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Elbert N. Mullis, Jr.
POST OFFICE BOX 2006
BIRMINGHAM, ALABAMA 35201
November 4, 1983
Congressman Robert W. Kastenmeier
United States House of Representatives
2232 Rayburn Building
Washington, D. C. 20515
Dear Congressman Kastenmeier:
I am in full and complete support of our recent Grenada action and agree 100% with the decision to keep the news media out.
John Chancellor, David Brinkley and Edward Joyce are a bunch of cry babies because they were not informed of the advance planning and the action missed the morning news.
I see absolutely nothing of censorship or anything else of an unprecedented nature in this decision.
I want my letter placed before the House Judiciary Subcommittee on courts, civil liberties and the administration of justice as an American citizen who supports the President on his Grenada
Very truly yours,
Elbert N. Mullis, Jr.
COMMERCIAL DEVELOPMENT 3300W.Coast Highway Newport Beach.CA92663 (714) 645-2251
November 4, 1983
MR. DAVID BRINKLEY
New York City, New York
Dear Mr. Brinkley:
I keep reading articles in the newspaper about the great
When the media in total gets their act together and stops
S. H. Bers, President
cc: Ronald Reagan, White House
House Judiciary Subcommittee on Censorship
HOW I GOT THE N.S.A. FILES. . .
How Reagan Tried To Get Them Back
n September 22, 1981, the Federal government did something it had never done before. The Justice Department, for the first time in its history, issued an order forbidding an author from publishing previously released official documents in his possession and demanding their return. The documents, said the department, had been "reclassified."
Three years carlier I had begun work on The Puzzle Palace, the first book-length study of the National Security Agency. As part of my research I had submitted a Freedom of Information Act request to the Justice Department for documents relating to its highly secret investigation into the illegal use of electronic surveillance by the N.S.A. and the Central Intelligence Agency. The investigation had its roots in a 1974 article by Seymour Hersh in The New York Times that revealed details about a massive domestic intelligence operation, code-named Operation Chaos, run by the C.I.A. In response to the article, President Ford in January 1975 named Vice President Rockefeller to head a commission to look into C.I.A. activities in the United States.
The Rockefeller Commission's final report, issued on June 6, 1975, noted that the intelligence community had engaged in a number of questionable electronic surveillance activities. As a result of the report, Attorney General Edward H. Levi established a secret internal task force to determine the full extent of governmental electronic surveillance in the country.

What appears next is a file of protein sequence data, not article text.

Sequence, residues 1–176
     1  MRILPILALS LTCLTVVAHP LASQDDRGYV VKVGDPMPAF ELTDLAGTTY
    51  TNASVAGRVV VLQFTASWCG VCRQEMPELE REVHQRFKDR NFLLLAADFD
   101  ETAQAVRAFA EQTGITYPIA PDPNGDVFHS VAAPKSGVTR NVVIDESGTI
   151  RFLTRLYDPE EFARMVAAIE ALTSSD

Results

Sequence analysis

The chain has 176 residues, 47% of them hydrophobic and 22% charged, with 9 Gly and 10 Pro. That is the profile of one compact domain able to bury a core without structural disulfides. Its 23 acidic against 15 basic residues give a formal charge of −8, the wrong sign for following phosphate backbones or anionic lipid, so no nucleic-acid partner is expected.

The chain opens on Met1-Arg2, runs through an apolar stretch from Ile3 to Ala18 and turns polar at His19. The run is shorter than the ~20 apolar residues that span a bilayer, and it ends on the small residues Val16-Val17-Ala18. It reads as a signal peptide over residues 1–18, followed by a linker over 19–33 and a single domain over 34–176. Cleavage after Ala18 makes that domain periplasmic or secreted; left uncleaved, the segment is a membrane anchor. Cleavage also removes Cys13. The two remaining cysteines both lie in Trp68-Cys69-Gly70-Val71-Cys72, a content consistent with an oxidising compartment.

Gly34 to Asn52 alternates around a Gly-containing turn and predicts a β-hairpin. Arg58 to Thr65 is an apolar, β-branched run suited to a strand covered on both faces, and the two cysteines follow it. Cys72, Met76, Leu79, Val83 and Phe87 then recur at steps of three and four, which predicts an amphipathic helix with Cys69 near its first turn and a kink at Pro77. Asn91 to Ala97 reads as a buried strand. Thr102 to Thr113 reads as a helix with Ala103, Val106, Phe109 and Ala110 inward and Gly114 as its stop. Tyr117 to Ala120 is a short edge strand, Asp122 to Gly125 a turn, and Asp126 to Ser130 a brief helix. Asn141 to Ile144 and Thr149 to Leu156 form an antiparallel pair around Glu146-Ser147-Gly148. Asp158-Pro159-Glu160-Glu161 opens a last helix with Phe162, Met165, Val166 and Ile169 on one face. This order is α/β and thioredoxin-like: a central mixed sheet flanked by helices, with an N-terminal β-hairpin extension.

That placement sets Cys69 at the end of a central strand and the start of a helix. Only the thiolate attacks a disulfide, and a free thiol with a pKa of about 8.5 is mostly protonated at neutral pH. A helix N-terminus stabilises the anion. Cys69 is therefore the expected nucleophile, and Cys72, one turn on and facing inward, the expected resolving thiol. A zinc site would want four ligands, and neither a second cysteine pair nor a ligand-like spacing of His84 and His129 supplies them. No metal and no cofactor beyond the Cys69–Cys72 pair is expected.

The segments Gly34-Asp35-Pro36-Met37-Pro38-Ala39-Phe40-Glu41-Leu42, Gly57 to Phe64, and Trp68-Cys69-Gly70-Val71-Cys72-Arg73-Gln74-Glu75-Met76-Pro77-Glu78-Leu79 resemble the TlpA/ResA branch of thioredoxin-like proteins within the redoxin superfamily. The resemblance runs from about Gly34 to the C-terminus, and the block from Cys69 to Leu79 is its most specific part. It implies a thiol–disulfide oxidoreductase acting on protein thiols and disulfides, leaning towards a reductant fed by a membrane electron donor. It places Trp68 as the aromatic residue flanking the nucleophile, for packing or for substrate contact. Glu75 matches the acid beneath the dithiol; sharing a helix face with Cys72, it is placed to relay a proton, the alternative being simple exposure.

Over the next year, the task force probed more deeply into the problems of domestic eavesdropping than any part of the executive branch had ever done before, and on June 30, 1976, it issued its final report. Classified "TOP SECRET UMBRA/HANDLE VIA COMINT CHANNELS ONLY," the 175-page document detailed twenty-three categories of questionable eavesdropping operations. Although some activities were immune from prosecution because of the statute of limitations, others were not. "This clectronic surveillance activity," said the report about one N.S.A. program, Operation Minaret, "presents prima facie questions of criminality and is well within the limitations period."* Nevertheless, because there appeared little likelihood that convictions could be obtained on the basis of the evidence, and because of the possibility that the defense would resort to "graymail," the report recommended that the inquiry be terminated for "lack of prosecutive potential."
James Bamford holds a Juris Doctor degree and is the author of the recently published The Puzzle Palace: A Report on NSA, America's Most Secret Agency (Houghton Mifflin).
November 6, 1982
The information was considered so sensitive that only two copies of the task force's report were produced. One of these was given to George W. Calhoun, chief of the Justice Department's special litigation unit. His job was to examine the legal issues and determine whether or not to prosecute. In his "Prosecutive Summary," issued on March 4, 1977, he recommended to Robert L. Keuch, Deputy Assistant Attorney General in the criminal division, that the investigation be terminated.
A year and a half later I submitted my F.O.I.A. request. When it arrived at the Justice Department, it was sent to Keuch, who determined that it would apply to the final report of the task force as well as to Calhoun's "Prosecutive Summary." Because of the sensitivity of the documents, Keuch assigned Calhoun to review the materials already in the public domain and to base his declassification decision on that survey. He also decided not to submit the documents to the N.S.A. or the C.I.A. because the agencies were the principal subjects of the investigation and he felt that allow. ing them to review the reports would subvert the criminal justice system.
After ten months, on July 5, 1979, Keuch released the requested documents to me, with some portions deleted.
Several months later the N.S.A. became aware of Keuch's actions and requested that the Justice Department send it copies of the same documents. After a review, N.S.A. Director Adm. Bobby R. Inman wrote to Attorney General Benjamin Civiletti, informing him that the documents contained still-top-secret information and that they should never have been released without first being sent to the N.S.A. Civiletti, believing that the documents had been properly declassified or else realizing that the executive order on classification forbade reclassifying documents released under the F.O.I.A., ignored Inman's protest.